• 503 service users (to end of 2019); 16 per cent of service users were carers
  • most common concerns raised related to money, worry/fear/anxiety and housing
  • a co-production group was formed that both identified problems for local PABC and designed the model for supporting people
  • commitment from Durham CCG to ongoing funding.


Macmillan and Fife Health and Social Care Partnership launched the Fife Macmillan Improving the Cancer Journey service in September 2018. The service was informed by the Glasgow ICJ initiative as well as Macmillan’s TCAT programme. The programme uses holistic needs assessment and collaborative care planning to provide practical, personal and emotional support to PABC. Provision of holistic care, integrated delivery and reduction of health inequalities were key aims.

MLAP journey so far:

  • 1.5 local area coordinators transferred from TCAT to ICJ
  • service delivery commenced September 2018
  • 566 service users (to end of 2019); 5 per cent of service users were carers
  • most common concerns raised related to tiredness, moving around, eating and sleep, followed by money
  • average number and severity of concerns fell from first to second HNA (reductions were statistically significant, but definitive attribution to the service is not possible)
  • introduction of community venues for HNAs.

Tower Hamlets

The Tower Hamlets MLAP is a transformation programme. Its main focus is to ensure delivery of personalised care and support seamlessly across sectors to meet the wider holistic needs of people living beyond cancer through system-wide changes in culture and practice.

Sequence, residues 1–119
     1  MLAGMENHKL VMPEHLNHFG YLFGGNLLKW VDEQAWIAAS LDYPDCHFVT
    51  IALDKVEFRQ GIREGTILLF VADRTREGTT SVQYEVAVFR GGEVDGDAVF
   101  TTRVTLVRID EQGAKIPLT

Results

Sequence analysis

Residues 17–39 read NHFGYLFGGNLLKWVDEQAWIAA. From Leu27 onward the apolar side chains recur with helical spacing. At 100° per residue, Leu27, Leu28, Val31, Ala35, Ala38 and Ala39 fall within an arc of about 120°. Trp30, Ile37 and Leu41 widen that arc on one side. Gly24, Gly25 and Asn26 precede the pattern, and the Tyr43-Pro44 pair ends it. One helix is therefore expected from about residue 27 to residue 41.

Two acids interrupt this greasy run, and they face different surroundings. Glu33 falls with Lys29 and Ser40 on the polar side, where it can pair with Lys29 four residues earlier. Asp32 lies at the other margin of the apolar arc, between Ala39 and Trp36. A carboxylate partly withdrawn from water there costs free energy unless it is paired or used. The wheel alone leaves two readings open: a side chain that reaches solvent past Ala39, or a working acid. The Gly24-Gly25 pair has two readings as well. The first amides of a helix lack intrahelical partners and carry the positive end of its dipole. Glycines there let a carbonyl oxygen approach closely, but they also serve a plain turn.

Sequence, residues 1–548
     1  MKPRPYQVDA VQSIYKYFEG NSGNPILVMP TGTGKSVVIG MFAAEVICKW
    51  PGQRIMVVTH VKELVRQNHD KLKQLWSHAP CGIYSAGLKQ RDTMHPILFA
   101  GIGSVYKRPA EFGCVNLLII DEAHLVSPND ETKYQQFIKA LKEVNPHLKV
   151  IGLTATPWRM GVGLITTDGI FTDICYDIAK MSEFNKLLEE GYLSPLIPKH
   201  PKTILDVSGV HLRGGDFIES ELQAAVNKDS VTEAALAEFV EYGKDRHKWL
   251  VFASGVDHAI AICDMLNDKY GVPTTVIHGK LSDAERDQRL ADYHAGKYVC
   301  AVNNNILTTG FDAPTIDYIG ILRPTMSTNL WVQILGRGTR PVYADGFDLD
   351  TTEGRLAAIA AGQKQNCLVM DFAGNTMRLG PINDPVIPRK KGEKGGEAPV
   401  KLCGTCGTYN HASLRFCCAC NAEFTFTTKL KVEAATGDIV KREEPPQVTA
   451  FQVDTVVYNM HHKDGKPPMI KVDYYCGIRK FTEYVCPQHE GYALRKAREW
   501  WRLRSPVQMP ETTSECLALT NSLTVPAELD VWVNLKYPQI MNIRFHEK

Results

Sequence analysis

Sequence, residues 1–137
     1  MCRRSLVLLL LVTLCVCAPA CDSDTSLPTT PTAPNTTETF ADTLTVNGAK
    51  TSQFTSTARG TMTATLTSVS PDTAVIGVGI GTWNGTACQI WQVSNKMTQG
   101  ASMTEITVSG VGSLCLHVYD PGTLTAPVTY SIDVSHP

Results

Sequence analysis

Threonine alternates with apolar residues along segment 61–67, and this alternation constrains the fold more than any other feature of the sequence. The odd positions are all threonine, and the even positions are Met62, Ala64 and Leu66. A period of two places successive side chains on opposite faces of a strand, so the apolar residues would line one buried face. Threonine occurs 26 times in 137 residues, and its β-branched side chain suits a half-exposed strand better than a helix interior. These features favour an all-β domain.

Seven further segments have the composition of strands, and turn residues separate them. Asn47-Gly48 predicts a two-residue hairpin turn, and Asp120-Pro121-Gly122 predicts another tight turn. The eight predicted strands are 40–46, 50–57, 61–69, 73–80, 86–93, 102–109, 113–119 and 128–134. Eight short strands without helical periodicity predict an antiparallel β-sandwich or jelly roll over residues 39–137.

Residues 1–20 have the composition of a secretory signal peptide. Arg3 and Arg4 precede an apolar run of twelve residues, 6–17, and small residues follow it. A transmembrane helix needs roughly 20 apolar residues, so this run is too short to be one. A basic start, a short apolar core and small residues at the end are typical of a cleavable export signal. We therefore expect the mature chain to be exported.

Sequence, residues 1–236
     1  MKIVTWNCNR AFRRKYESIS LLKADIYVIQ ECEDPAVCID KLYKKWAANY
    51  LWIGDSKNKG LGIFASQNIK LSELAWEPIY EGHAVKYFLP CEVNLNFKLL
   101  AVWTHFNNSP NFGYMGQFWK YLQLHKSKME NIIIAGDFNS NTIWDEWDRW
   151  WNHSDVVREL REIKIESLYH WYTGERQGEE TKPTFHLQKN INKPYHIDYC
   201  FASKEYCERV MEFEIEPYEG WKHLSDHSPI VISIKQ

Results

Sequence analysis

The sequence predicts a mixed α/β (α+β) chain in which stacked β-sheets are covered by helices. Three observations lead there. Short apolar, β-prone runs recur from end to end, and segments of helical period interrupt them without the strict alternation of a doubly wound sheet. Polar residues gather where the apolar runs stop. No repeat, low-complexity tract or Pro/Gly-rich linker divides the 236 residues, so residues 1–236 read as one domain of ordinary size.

This programme has significant interdependencies with transformation programmes in Tower Hamlets looking to improve access to information, advice and guidance, care coordination and navigation, and social prescribing. The programme intends to enable people to live as well and as independently as possible and to support their carers. It launched in February 2018.

MLAP journey so far:

  • good links established with other transformation bodies, initiatives and professionals
  • comprehensive asset map
  • cancer health intelligence report
  • insights from 48 residents affected by cancer
  • co-designed holistic support pathway, developed a series of ‘change ideas’ and functions required to deliver personalised care
  • facilitated delivery of training on ‘cancer as a long-term condition’ to cross sector workforce.

Initial project planning and engagement

Each MLAP site spent an initial period of time building strong foundations to ensure that the programme would run successfully.

Key activities included:

  • engaging with PABC, carers and families to establish their priorities and aspirations for local services, and engaging them on how they could get involved in co-production
  • being clear about shared goals and other aspects of the partnership. This is important in building strong partnerships and allowing flexibility in delivery to meet joint aims